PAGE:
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Rush’s Biggest Billboard Chart Hits, ‘Tom Sawyer’ & Beyond

The band, whose drummer Neil Peart died Tuesday, scored five Mainstream Rock Songs No. 1s.

When Billboard‘s Mainstream Rock Songs airplay chart first published in March 1981, Canadian rockers Rush were already well into a career that had included a pair of top 10 albums on the Billboard 200, including the No. 3-peaking Moving Pictures earlier that month.

As such, the rock trio, whose drummer and lyricist Neil Peart died Tuesday after a battle with brain cancer, was a shoo-in for early Mainstream Rock Songs success, and it wasted no time in furthering its profile. The chart’s first week (dated March 21, 1981) saw Rush appear twice in the top 10, the only act to do so that frame, with “Limelight” at No. 7 and “Tom Sawyer” at No. 10.

That was just the start of an impressive Mainstream Rock Songs run, in which Rush notched 42 entries through 2012, currently tied with Bruce Springsteen, solo and with the E Street Band, for the seventh-most of any act since the survey’s inception; U2 leads with 50 appearances.


Along the way, Rush earned five No. 1s, beginning in the chart’s second year of existence, when “New World Man” reigned for two weeks in October 1982. Seven years later, Rush returned to the top with “Show Don’t Tell,” which was both the final No. 1 of the ’80s (Dec. 30, 1989) and the first No. 1 of the ’90s (Jan. 6, 1990).

The ’90s brought three more leaders for the band: “Dreamline” (four weeks in 1991), “Stick It Out” (four, 1993) and “Test for Echo” (three, 1996).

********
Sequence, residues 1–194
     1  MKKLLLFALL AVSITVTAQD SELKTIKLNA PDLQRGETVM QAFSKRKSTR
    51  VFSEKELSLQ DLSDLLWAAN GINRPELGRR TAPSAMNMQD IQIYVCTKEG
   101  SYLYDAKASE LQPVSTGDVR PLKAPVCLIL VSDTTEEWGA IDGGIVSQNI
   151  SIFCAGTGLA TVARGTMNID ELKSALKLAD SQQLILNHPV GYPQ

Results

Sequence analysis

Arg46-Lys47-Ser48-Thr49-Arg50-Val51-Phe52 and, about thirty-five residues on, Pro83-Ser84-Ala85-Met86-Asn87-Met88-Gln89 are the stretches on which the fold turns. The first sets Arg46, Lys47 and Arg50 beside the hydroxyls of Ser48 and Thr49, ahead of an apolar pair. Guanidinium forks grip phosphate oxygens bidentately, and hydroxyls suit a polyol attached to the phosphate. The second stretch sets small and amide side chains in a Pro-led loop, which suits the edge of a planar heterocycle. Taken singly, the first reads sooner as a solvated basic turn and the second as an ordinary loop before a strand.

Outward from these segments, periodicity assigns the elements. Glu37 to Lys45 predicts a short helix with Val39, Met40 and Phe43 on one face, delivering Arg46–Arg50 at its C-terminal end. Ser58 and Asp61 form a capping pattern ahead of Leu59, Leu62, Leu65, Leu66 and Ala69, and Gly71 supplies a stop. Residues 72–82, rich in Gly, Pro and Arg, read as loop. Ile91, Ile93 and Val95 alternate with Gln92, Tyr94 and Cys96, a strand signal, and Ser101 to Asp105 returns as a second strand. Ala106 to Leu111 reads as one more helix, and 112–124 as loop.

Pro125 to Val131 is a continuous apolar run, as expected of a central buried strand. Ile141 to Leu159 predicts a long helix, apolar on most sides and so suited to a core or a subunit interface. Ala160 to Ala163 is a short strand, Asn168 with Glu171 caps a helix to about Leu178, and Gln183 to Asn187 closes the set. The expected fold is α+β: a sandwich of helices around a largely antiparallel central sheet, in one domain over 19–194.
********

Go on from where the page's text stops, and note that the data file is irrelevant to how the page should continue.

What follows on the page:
Rush earned 20 Mainstream Rock top 10s, through “One Little Victory” in 2002.


Rush’s Biggest Mainstream Rock Songs Hits (ranked by peak position)

1, “Stick It Out,” No. 1 (four weeks), Oct. 23, 1993
1, “Dreamline,” No. 1 (four weeks), Sept. 21, 1991
3, “Test for Echo,” No. 1 (three weeks), Oct. 5, 1996
4, “Show Don’t Tell,” No. 1 (two weeks), Dec. 30, 1989
4, “New World Man,” No. 1 (two weeks), Oct. 9, 1982
6, “Cold Fire,” No. 2 (one week), Feb. 12, 1994|
6, “Ghost of a Chance,” No. 2 (one week), Feb. 22, 1992
8, “Time Stand Still,” No. 3 (two weeks), Nov. 7, 1987
9, “Force 10,” No. 3 (one week), Oct. 3, 1987
9, “Distant Early Warning,” No. 3 (one week), May 26, 1984

In addition to its Mainstream Rock Songs fortunes, Rush appeared on the all-genre, multi-metric Billboard Hot 100 seven times, between 1977 (“Fly by Night”/”In the Mood”) and 1986 (“The Big Money”). The group scored one top 40 hit, when “New World Man” rose to No. 21 in October 1982.

On the Billboard 200 albums chart, Rush boasts 12 top 10s, among 35 entries, peaking at a No. 2 best twice: with Counterparts, in November 1993, and its final full-length before Peart’s death, Clockwork Angels, in June 2012.


Peart died at age 67 following a battle with brain cancer, after Rush wrapped its recording and touring career in 2018 due to his health problems.